The Bushwhacked Piano

Thomas McGuane’s second novel, originally published in 1971 to critical reviews, is a hysterical commentary on the state of the American psyche seen through the eyes and lived through the misadventures of wayward entrepreneur Nicholas Payne.

Follow Payne as he pursues the hand of a doughty millionairess and joins sides with a double amputee con-man (the bionic man!) as they attempt to sell glow-in-the-dark bats that will rid entire towns of mosquitos overnight (or so they say).

One of the most uniquely funny and linguistically savvy voices in American Letters, The Bushwhacked Piano is the perfect balance of literary panache and buoyantly side-splitting hilarity.

Whitman, Keats, and Allergies: Is Truth Truly Beauty?

I went running in a nearby park over the weekend resulting in a monumental allergy attack. My face swelled to balloon-like proportions, I was crying though not sad, and sneezing like I’d snorted a fistful of black pepper. I have allergies that have their own allergies. The attack was so severe I opted out of dinner plans and laid on the couch in a self-induced Benadryl coma covered by a blanket of self-pity, and detest for the unfairness of the world.

10_1The next day, mid-recovery, eyes puffy, still sneezing, I fell into my usual pattern of self-loathing. Why me? Why am I the unlucky one allergic to the natural world? Languishing in self-pity is anything but productive. Laying there, I shifted my gaze to the bay window in my living room that opens up onto the street. I watched as a mother and son rode bikes. They were laughing and the mother was showing her son how to ride with no hands.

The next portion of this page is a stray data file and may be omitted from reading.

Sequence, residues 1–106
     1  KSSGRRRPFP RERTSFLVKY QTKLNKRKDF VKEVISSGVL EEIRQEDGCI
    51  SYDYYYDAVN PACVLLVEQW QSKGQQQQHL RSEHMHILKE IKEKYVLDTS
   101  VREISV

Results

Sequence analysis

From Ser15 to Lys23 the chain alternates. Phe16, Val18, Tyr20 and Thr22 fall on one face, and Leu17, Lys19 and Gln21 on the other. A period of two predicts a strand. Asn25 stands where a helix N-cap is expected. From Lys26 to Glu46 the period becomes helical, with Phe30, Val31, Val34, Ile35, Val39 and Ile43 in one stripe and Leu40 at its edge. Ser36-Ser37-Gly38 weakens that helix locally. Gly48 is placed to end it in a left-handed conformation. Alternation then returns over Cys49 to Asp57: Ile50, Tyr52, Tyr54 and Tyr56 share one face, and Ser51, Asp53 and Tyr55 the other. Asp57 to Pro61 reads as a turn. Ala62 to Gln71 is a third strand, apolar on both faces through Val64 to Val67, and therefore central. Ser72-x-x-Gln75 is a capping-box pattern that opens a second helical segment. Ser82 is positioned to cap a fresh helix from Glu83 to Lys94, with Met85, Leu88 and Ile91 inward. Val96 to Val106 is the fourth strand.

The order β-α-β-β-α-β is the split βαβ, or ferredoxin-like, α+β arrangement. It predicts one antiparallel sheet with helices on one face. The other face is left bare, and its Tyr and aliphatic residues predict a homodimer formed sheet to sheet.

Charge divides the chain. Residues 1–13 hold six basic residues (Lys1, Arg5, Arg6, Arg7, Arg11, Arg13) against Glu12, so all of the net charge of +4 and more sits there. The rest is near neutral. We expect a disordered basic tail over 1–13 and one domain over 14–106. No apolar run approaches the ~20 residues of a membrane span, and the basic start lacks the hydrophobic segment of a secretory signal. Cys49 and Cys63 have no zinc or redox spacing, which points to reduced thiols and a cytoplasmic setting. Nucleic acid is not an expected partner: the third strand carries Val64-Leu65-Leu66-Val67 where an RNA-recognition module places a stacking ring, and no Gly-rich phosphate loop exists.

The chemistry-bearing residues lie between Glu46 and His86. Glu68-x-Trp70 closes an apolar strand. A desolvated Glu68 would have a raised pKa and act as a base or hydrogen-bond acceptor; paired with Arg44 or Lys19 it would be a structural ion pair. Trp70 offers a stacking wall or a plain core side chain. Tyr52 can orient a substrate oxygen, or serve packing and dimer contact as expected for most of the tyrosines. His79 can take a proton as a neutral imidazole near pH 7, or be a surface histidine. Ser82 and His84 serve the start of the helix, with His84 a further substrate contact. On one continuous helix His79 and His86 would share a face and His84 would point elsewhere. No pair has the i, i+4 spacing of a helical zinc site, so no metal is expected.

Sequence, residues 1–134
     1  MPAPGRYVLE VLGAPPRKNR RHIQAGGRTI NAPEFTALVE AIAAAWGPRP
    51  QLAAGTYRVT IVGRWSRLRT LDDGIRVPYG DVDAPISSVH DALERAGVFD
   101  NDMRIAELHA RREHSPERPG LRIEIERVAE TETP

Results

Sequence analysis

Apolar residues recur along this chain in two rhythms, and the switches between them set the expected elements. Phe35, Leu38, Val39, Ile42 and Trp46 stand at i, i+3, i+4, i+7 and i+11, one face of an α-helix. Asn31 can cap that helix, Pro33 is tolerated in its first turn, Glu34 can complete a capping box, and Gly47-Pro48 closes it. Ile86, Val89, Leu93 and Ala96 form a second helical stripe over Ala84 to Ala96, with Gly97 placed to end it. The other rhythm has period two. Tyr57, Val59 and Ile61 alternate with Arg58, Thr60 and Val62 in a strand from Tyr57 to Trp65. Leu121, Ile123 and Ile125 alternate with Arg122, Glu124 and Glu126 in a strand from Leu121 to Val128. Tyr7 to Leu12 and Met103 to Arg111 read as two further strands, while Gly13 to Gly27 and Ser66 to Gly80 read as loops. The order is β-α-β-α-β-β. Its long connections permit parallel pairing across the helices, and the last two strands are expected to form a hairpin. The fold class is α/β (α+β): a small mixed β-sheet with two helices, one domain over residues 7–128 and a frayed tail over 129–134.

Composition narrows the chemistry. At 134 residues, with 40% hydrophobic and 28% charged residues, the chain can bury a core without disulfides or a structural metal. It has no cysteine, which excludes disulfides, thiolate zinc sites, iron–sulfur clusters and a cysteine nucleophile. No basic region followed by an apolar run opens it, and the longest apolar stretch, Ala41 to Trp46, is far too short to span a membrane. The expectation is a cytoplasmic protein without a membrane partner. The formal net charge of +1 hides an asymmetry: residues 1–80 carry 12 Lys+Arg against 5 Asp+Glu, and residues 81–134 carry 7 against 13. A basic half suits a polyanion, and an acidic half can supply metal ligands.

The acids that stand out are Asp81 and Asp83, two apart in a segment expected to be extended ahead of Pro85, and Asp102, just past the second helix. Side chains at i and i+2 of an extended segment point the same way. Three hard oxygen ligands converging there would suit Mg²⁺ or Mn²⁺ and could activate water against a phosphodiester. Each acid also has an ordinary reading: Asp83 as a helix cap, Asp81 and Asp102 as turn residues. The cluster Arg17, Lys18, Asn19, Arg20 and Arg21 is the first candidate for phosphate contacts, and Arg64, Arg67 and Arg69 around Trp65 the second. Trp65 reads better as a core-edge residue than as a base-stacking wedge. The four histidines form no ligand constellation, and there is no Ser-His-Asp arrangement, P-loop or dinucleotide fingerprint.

The son, no more than six or seven, tried to mimic the demonstration only to fall and scrape his knees (I, of course, laughing uproariously through swollen eyelids). There was a moment where he was shaken, but eventually, he stood, brushed himself off, and continued to ride.

There’s a line in Whitman’s Song of Myself about how “all truths wait in all things,” and sitting there witnessing another’s triumph over suffering while I labored away in my snot-covered decrepitude, nothing had ever seemed truer.

Who was I to let something as menial and base as allergies get me down? The very reason I was hiding inside was out of fear of showing my purplish face in public, but more than anything it was out of fear of appearing different; fear of hiding the truth that I’m one of the unlucky ones who has to fight through the spring-time pollen storms. But really, fear that others would deem me as somehow lesser of a man because of something entirely out of my control.

Fear is ridiculous. I am who I am, purplish-swollen eyes and all.

photo-1425009294879-3f15dd0b4ed5There’s truth in action; truth behind the simplicity of falling, shaking off, and moving on. Conceptually, we see truth as something akin to the tooth fairy. Maybe we’ll catch a glimpse when we’re little, but otherwise, it’s nonexistent. When in actuality, truth is the undercurrent of life. It is pervasive and ubiquitous like energy or light.